Appointment at Camp David

President Clinton: Convening Mideast summit is taking a high risk for high reward.

July 06, 2000

JULY IS not everyone's favorite time to visit the lovely Catoctin hills north of Frederick. Too hot and humid. Ehud Barak and Yasser Arafat are no strangers to discomfort, however. Both have spent careers in less than optimal conditions.

President Clinton's announcement of a summit meeting with the Israeli prime minister and Palestinian Authority president starting Tuesday at the presidential retreat, Camp David, is a considered -- not quite desperate -- attempt to get stalled talks moving.

This is not a scenario in which lower officials have hammered out the deal before the leaders put their seals on it. Rather, it is an attempt to lunge out of the quagmire. Some will say it is President Clinton's last gasp to do something memorable for history. But the exercise entails high risk for great benefit. It may fail.

The hopes of the world, of most Israelis and most Palestinians, will attend the three men at Camp David. The setting evokes memories of the meetings there of Egypt's Anwar Sadat, Israel's Menachem Begin and President Jimmy Carter in 1978, which foreshadowed the treaty between Israel and Egypt the following year.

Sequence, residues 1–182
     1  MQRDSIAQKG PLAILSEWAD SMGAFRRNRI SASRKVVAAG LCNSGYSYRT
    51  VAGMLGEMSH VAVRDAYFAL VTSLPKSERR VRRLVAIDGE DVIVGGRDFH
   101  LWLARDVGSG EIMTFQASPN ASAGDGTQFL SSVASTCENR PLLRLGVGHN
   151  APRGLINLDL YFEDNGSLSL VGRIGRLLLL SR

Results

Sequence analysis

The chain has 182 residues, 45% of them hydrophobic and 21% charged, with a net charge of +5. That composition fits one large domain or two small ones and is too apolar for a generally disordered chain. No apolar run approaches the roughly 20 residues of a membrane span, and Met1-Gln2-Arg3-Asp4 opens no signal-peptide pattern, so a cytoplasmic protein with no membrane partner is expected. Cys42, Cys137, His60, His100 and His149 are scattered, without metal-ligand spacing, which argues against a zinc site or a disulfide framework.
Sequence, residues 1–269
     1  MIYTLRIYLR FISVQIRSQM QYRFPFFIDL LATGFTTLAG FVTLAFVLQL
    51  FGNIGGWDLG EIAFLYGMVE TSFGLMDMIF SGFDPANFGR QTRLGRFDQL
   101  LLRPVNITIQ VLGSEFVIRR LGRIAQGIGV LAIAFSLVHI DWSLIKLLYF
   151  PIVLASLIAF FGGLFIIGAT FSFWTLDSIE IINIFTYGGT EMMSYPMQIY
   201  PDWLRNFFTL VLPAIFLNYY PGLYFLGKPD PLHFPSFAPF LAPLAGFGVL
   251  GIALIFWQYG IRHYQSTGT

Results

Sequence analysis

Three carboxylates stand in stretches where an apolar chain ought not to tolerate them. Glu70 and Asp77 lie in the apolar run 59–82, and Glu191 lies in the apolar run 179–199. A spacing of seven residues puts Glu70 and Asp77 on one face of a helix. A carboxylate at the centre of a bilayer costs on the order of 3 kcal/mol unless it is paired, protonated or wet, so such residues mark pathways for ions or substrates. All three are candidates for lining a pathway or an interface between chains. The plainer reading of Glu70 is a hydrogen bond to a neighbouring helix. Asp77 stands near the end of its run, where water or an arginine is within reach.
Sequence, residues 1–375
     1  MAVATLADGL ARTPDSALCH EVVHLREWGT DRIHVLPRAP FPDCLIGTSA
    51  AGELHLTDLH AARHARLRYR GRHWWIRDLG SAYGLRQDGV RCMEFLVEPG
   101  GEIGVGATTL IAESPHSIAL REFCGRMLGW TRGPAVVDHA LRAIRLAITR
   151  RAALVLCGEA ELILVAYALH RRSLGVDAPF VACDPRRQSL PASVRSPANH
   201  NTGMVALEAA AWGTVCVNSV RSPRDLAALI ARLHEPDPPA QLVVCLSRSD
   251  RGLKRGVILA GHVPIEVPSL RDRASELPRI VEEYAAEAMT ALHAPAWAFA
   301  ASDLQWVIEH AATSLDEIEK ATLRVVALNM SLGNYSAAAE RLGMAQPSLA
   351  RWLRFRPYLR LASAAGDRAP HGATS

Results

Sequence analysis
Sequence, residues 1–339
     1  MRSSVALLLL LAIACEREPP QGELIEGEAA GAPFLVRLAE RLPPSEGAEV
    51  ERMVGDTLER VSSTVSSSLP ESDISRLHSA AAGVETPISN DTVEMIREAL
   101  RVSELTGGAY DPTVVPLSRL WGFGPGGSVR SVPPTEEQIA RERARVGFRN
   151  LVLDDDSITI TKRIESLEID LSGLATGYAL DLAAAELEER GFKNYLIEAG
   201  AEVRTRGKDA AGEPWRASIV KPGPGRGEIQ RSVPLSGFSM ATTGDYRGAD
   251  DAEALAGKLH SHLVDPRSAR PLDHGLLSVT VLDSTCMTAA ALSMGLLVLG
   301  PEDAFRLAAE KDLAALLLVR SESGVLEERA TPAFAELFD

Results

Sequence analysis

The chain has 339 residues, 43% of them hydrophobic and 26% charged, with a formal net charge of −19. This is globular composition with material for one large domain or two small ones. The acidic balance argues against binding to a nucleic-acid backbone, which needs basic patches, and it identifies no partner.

Mr. Barak and Mr. Arafat are dealing with recalcitrant supporters. Each risks overthrow for softness. But it has been seven years since Mr. Arafat committed the PLO to peace. And a year since Mr. Barak was elected to consummate it.

The extent of Israeli withdrawal, the fate of settlements, East Jerusalem, sources of water and guarantees of security are great issues that defy accord. The impasse is not frivolous. The self-imposed deadline of Sept. 13 for agreement appears unrealistic.

What is needed is not a deal between two men, but an accommodation between two peoples that will survive the leaders who negotiated it. Mr. Clinton deserves credit for pushing matters and men forward. They have come too far not to go the last mile.

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